The hospital called Tracey before they intubated Marty and asked about his end of life documents.

“Marty’s filing system left a lot to be desired,” she said, adding that she and friends ransacked his files for an end-of-life document. Nothing was found.

After much prayer, Tracey made the difficult decision to take Marty off life support on March 31st. Tracey and a close friend were allowed to visit Marty for the first time in 12 days. This visit was very different then the last time she had seen her husband.

“They had both of us cover up with gowns, gloves, two face masks and they bagged his belongings twice in bags,” she said. “They told us that when we got home to shower and wash our clothes.”

Over the phone Marty and Tracey’s pastor, the Rev. Robert Fleming at Love Metropolitan Community Church, was able to pray over Marty before he died. Tracey said, “When I touched him, he was already cold to the touch.”

Marty was 64 when he died.

“I went home and showered and cried,” Tracey said. Her husband of 30 years was gone. She said she felt so alone with just the couple’s two dogs, Glory and Ginger, to comfort her.

She said that the same day the hospital informed her that Marty had been diagnosed with COVID-19. She does not know if he was ill with the virus when he was first admitted to the hospital or if he contracted the infection while there.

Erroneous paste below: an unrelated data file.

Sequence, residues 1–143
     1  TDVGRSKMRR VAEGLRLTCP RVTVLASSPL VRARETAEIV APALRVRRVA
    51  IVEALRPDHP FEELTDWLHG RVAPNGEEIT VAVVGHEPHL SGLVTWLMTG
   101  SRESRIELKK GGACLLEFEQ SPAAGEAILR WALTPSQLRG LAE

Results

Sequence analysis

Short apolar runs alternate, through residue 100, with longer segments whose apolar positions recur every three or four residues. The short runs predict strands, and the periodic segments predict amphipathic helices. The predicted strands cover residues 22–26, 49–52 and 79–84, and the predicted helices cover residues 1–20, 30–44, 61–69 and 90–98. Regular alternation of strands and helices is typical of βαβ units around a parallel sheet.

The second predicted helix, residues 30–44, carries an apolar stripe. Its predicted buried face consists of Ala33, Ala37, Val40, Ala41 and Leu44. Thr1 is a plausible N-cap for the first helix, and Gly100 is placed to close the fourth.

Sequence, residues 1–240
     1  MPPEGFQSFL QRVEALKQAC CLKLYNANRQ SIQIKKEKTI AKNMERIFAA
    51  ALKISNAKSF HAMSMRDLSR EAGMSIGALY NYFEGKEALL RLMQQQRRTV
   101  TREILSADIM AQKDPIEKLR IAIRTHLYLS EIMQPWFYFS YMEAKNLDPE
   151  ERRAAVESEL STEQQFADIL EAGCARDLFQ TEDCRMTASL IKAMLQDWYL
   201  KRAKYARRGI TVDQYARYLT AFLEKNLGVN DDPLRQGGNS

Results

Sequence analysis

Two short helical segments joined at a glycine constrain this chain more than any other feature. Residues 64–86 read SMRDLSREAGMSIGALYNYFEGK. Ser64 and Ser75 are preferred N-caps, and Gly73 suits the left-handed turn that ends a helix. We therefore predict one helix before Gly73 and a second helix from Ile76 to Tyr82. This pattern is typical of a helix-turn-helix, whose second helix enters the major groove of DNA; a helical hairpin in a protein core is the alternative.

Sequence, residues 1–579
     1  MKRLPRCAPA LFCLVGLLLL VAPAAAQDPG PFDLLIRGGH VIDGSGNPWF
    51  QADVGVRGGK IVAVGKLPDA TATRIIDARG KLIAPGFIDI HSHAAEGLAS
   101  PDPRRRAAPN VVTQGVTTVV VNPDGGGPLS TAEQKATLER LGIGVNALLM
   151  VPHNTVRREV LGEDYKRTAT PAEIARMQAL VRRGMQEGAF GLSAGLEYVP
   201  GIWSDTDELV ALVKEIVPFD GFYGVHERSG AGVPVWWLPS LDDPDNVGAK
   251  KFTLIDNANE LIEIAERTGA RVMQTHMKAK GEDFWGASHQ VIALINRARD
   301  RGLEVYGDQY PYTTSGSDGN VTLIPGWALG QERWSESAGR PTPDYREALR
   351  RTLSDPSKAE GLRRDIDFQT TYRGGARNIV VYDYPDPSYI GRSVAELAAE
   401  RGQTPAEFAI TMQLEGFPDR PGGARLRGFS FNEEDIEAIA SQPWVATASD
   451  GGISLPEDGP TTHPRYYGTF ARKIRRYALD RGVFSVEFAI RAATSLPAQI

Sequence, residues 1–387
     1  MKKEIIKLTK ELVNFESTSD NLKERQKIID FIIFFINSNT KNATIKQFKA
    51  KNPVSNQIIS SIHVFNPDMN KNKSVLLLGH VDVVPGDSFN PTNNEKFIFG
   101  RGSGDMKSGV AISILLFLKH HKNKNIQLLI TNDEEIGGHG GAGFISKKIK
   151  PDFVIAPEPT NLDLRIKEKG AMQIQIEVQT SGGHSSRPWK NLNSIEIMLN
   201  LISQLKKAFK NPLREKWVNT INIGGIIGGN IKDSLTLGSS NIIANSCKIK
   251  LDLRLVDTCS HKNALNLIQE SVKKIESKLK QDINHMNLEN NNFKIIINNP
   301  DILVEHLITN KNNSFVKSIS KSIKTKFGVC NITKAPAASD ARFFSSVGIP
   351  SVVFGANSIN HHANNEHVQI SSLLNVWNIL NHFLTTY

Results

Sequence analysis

The Rev. Jamie Lee Sprague-Ballou, pastor of Affirming God’s People United Church of Christ and organizer of Las Vegas TransPride, said Marty Brown was a quiet but important voice for the trans community.

Sprague-Ballou said, “When we opened up Out of the Gender Box in 2016, our transgender community drop-in center, Marty and Bobbie Miller were there every day to keep the doors open. Marty was the face of the drop-in center.” Marty was also active in the planning of the trans community’s annual Day of Remembrance on November 20 to draw attention to the continued violence endured by transgender people.

Sprague-Ballou said, “Marty transitioned early in life, in 1973 when he was around 18, long before being transgender was talked about or well known.”